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Correct. The fan should not really be coming on as it is only drawing power and using fuel. If it does it once or twice on an incline then it should be ok, as long as the temps aren't getting too high.
As it turns out, i have mine completely blocked now that the weather has turned bad. It gets close to 90c but i turn up the cabin heater a little and it stabilises. I drive a diesel and a small one at that so it generates very little heat the way i drive. If my wife drives it i have to remove the grille block. I should revisit that adjustable grille block some day.......

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Old 12-01-2009, 05:40 PM   #9 (permalink)
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This is why I was hesatant about grille blocks at first. I used to live in the foothills, and knew I needed all that air coming in to cool the motor. The "Towing a trailer through Death Valley with the AC on max" must have been thought up by flatlanders... lol

Come up to the hills once in a while. It's MUCH different.

I'll probably be pulling off some tape from the partial upper grille block I have when I take the trip back to California for Christmas. I'm not sure how it's going to be, since it's winter, and it'll be cold (and most likely snowy), but I'll be climbing up to 5,000 feet along with several 6% grades along the way.
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Old 12-01-2009, 05:42 PM   #10 (permalink)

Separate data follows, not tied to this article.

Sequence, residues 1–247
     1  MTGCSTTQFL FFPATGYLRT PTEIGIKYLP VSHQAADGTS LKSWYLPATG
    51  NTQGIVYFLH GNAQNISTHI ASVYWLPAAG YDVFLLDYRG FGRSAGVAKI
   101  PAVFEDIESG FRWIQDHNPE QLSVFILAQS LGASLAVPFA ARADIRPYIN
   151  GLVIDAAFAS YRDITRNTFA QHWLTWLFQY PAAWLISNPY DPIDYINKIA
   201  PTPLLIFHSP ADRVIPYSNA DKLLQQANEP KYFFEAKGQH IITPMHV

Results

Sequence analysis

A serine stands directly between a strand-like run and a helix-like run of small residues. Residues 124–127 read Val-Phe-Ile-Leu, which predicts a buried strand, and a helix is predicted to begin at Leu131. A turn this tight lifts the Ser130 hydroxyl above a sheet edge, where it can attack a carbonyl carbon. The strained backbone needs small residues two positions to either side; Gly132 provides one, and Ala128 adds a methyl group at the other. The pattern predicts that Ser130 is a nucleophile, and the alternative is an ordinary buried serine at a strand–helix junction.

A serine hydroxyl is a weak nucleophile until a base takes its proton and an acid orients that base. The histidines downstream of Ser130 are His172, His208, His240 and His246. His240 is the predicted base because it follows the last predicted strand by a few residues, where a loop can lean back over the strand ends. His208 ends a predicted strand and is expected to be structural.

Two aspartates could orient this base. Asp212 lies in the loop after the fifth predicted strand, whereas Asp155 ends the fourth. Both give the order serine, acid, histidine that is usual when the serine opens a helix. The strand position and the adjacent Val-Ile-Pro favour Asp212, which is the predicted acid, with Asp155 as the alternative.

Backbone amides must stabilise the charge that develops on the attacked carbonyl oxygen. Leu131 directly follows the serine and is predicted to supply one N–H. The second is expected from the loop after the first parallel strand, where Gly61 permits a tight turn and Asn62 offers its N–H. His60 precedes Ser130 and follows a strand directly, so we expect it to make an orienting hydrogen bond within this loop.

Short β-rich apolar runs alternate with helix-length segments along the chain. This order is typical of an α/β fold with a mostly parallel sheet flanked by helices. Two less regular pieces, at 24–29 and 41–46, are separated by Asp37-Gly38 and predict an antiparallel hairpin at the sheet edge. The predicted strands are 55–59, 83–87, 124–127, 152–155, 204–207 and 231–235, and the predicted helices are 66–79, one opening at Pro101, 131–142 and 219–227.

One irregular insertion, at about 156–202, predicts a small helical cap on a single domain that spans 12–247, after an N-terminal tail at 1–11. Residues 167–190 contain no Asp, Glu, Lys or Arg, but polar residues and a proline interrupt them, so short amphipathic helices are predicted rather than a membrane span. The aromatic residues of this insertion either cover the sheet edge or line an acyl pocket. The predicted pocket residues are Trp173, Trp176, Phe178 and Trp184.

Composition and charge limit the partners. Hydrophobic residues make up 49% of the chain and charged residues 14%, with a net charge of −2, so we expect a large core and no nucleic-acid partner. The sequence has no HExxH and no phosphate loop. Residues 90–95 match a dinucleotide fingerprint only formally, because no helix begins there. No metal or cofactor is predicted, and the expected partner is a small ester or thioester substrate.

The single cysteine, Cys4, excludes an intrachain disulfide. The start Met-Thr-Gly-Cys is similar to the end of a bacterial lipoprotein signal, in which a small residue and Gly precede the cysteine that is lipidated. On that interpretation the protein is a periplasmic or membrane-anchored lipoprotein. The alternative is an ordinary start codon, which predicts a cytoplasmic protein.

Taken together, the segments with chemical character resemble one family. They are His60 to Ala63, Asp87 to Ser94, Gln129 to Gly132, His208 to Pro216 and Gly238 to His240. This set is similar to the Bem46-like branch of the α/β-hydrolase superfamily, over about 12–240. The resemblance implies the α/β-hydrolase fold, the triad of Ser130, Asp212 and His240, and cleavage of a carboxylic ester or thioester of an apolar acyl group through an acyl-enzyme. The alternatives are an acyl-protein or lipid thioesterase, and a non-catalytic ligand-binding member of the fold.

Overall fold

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I don't have a scanguage, and I won't be getting one for this vehicle. It has a gauge and not a light, so actual temp is pretty irrelevant. Relative temp is what I need to know and I can tell from the "guess gauge" what is hot and what is too hot. It does have a trip computer that monitors average mpg and current mpg, and that's all I want for right now. It has helped me to change my driving style and eek out better than 27mpg average. It will never be a 60mpg hypermiler, but I am trying for 30mpg. But when I have 60-70 miles of pure uphill ahead of me I don't need redundant gauges telling me that I'm getting single digit mpg. I do work to keep it in the double digits, but it's not worth slowing down to 30 mph and becoming a hazard on the interstate in order to save a few pennies worth of gas. It's about balance. I did reset the computer before I left, and by the time I got to Leadville I had averaged 21.6 mpg on the way up. It may not sound very good, but for that much climbing, I felt pretty good about it. Of course it went way up on the downhill loop, and that is where the benefits of an exterior grill block come into play.

Before this 98, I had a 94 Caravan which was closer in design to the 90. It never overheated, but sometimes on those long climbs it would get up there. The 98 is a pretty modified design all the way around, and before this, I never saw the gauge get that high. I think stylistically the 98 T&C has a bigger open grill than the Caravan, but it is pretty easy to block.


Last edited by thatguitarguy; 12-01-2009 at 05:50 PM..